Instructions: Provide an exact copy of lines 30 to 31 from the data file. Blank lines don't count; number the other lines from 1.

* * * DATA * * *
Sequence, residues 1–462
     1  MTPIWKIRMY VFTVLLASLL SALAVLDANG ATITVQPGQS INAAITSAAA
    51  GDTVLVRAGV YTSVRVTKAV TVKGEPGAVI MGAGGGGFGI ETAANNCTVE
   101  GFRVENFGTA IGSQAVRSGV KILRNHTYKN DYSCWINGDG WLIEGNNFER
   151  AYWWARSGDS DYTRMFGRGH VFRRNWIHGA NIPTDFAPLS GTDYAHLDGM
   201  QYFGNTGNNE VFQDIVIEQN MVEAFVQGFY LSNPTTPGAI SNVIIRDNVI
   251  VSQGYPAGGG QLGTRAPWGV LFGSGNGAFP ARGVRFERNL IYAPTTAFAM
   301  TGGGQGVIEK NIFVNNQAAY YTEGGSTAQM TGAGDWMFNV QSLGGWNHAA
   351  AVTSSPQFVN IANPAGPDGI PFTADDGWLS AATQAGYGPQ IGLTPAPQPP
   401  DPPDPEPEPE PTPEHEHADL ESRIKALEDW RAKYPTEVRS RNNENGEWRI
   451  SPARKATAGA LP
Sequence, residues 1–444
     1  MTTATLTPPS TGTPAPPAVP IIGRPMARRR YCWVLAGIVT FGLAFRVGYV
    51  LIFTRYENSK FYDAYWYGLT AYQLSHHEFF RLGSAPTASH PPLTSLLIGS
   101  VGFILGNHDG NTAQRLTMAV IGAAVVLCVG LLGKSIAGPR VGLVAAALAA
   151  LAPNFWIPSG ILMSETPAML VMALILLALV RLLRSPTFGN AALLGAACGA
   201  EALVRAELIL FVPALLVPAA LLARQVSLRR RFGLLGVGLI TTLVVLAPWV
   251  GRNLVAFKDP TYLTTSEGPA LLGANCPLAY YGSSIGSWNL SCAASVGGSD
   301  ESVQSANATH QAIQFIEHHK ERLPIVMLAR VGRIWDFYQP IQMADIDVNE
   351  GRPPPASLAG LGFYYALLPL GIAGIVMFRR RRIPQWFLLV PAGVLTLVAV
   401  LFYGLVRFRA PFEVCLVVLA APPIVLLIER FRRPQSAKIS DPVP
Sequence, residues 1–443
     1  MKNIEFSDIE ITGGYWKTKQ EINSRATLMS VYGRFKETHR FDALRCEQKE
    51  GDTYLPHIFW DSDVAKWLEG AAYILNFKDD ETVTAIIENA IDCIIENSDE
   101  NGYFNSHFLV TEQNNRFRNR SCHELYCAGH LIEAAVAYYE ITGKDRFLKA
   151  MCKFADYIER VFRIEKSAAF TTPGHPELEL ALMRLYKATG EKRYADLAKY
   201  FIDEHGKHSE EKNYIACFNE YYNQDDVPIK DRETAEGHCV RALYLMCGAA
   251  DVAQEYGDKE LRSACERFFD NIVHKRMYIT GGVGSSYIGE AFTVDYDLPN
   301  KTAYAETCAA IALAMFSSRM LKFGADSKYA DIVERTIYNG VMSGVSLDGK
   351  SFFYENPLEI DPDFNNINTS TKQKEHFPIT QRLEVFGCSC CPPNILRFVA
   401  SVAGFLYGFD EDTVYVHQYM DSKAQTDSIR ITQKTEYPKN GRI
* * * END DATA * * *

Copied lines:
   351  SFFYENPLEI DPDFNNINTS TKQKEHFPIT QRLEVFGCSC CPPNILRFVA
   401  SVAGFLYGFD EDTVYVHQYM DSKAQTDSIR ITQKTEYPKN GRI